Sidney Silvers was born in Newark, New Jersey, in 1926 and enlisted at age 17. Silvers served on USS Heyliger (DE 510) from November 1944 until June 1946 as a radar specialist.
The ship and crew left Pier 42 in New York for Guantanamo April 13, 1945, for a shakedown. This included running test trials on the new ship, subjecting it to real life conditions. They completed the shakedown May 14 and arrived in the Brooklyn Navy Yard. They headed for the Panama Canal, passed Nicaragua and Mexico en route to San Diego, and finally, arrived in Pearl Harbor. There, they participated in overnight exercises with Army planes and operated as part of Task Group 19.5.
During the end of World War II, Silvers sailed on USS Heyliger to the Marshall Islands, crossing the International Date Line. On Sept. 2, 1945, the Japanese commander came aboard USS Heyligerto to sign the surrender terms of the Japanese-held islands of Rota. Then, sailors from USS Heyliger accompanied the Marines to round up the Japanese prisoners of war, which the Marines then transferred to Guam.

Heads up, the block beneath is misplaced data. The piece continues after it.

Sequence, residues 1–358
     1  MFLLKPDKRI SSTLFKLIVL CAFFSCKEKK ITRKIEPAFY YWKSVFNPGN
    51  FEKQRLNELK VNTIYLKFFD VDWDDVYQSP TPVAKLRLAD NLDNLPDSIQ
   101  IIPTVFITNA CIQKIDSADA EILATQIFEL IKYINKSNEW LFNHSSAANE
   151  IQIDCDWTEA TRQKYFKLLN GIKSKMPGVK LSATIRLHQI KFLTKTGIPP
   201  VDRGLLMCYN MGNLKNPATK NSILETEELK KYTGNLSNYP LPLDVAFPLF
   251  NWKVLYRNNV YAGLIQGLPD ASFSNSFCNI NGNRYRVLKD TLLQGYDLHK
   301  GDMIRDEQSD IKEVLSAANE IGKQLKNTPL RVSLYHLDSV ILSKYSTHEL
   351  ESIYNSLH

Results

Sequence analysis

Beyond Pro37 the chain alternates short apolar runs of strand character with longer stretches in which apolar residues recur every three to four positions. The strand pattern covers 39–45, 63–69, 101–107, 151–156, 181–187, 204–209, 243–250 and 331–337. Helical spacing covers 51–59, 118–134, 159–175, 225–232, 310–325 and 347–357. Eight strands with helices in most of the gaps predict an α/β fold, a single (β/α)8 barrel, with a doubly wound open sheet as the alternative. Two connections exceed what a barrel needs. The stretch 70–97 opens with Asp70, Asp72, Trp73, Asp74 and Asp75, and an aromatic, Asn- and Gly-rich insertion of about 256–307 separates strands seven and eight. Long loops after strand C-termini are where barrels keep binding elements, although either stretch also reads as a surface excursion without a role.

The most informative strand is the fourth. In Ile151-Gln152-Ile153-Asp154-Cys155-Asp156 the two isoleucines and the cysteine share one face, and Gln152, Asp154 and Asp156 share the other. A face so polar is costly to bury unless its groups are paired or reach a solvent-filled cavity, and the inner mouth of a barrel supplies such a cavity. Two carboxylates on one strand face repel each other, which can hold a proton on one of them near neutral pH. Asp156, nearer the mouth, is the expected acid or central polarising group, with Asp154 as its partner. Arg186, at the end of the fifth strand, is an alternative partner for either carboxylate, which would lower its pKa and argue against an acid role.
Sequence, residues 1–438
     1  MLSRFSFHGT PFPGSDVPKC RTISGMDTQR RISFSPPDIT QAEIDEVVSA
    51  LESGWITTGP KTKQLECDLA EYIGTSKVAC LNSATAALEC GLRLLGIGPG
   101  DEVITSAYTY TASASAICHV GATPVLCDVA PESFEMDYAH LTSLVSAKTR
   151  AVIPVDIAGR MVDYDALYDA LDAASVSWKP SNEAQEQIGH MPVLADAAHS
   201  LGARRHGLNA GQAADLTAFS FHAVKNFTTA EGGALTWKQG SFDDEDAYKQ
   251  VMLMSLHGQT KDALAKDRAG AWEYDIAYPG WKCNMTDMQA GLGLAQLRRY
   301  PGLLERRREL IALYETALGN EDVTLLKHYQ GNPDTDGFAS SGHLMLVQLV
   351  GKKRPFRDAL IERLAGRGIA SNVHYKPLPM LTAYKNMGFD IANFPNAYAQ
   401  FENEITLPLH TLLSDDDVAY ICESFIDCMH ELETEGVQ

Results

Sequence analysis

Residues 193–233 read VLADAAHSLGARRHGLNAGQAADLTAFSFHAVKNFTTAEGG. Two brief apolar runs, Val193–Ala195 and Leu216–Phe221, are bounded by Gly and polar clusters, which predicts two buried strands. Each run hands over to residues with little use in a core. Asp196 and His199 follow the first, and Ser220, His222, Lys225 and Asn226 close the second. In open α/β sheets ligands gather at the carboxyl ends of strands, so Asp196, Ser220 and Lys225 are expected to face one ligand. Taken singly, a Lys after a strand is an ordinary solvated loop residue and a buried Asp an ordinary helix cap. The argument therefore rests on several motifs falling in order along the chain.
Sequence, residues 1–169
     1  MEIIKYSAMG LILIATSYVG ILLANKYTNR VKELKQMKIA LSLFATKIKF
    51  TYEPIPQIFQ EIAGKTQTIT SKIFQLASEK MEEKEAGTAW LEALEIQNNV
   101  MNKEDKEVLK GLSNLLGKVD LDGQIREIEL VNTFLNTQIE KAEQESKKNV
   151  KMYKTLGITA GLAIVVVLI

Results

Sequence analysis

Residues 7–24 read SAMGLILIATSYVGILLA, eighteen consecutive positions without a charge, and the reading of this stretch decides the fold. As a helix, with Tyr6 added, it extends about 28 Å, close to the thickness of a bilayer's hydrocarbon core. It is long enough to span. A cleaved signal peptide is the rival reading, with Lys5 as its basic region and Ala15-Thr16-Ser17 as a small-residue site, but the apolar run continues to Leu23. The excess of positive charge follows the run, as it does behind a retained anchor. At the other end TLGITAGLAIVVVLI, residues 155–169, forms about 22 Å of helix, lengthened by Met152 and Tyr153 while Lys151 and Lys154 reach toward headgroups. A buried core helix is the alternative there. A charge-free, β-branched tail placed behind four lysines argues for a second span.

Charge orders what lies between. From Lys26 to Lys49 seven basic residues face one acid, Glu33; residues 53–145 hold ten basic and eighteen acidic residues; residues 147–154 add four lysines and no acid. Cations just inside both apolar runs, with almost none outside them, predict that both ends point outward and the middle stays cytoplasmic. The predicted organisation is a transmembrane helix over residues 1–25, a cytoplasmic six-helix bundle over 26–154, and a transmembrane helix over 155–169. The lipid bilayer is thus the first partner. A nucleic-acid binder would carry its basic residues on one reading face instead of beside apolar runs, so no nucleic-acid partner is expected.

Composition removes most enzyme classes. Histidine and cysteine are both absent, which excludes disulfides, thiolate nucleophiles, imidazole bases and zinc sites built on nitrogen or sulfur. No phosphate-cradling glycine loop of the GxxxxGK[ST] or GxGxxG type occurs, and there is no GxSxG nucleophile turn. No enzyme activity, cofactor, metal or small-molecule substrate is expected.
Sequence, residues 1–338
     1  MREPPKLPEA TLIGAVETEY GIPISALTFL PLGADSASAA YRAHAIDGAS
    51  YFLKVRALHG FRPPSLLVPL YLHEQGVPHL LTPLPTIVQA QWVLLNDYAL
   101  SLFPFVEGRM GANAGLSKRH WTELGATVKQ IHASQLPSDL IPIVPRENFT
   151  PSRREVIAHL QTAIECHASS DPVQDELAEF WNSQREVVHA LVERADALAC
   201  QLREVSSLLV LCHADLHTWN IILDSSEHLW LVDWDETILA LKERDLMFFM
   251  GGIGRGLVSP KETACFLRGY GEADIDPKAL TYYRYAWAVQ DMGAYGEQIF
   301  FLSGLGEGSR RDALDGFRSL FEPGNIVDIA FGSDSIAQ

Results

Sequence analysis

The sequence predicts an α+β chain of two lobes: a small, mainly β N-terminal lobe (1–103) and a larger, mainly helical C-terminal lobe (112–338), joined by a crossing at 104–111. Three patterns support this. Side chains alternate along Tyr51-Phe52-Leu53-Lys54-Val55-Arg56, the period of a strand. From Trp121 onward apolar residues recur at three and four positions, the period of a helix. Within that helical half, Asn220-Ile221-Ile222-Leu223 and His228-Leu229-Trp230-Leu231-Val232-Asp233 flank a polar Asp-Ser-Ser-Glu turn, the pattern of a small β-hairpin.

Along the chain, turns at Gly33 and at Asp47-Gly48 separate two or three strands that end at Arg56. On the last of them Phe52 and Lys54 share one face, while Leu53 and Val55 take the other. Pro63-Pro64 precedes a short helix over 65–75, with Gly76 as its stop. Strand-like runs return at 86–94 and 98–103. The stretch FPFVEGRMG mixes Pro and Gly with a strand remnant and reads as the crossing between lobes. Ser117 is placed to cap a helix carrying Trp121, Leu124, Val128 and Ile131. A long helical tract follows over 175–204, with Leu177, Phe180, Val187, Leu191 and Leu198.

During an accidental explosion in one of the caves on Rota, one of Silvers’ close friends, Eddie Tighe, passed. He was buried in a military cemetery in Guam, and Silvers served as a pallbearer.
In 1991, Silvers saw a newspaper article about Tighe. He contacted Tighe’s brother and set up a meeting. Silvers brought his photos, souvenirs and a small torn piece of a one-dollar bill that several of the sailors had cut up during the war with the intention of putting that dollar bill back together one day. Part of that bill stayed with Tighe.
With the help of the GI Bill, Sidney graduated from Baruch College, where he met his wife. Silvers and his wife had long careers as New York City educators. Silvers retired as the director of auxiliary services for New York City high schools. He has three children, five grandchildren, and a great-grandson on the way.
Silvers now lives in Boca Raton, Florida, and New York City.
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This #VeteranOfTheDay profile was created with interviews submitted to the Veterans History Project. The project collects, preserves, and makes accessible the personal accounts of American war Veterans so that future generations may hear directly from Veterans and better understand the realities of war. Find out more at http://www.loc.gov/vets/.
Graphic artist: Brandi Muñoz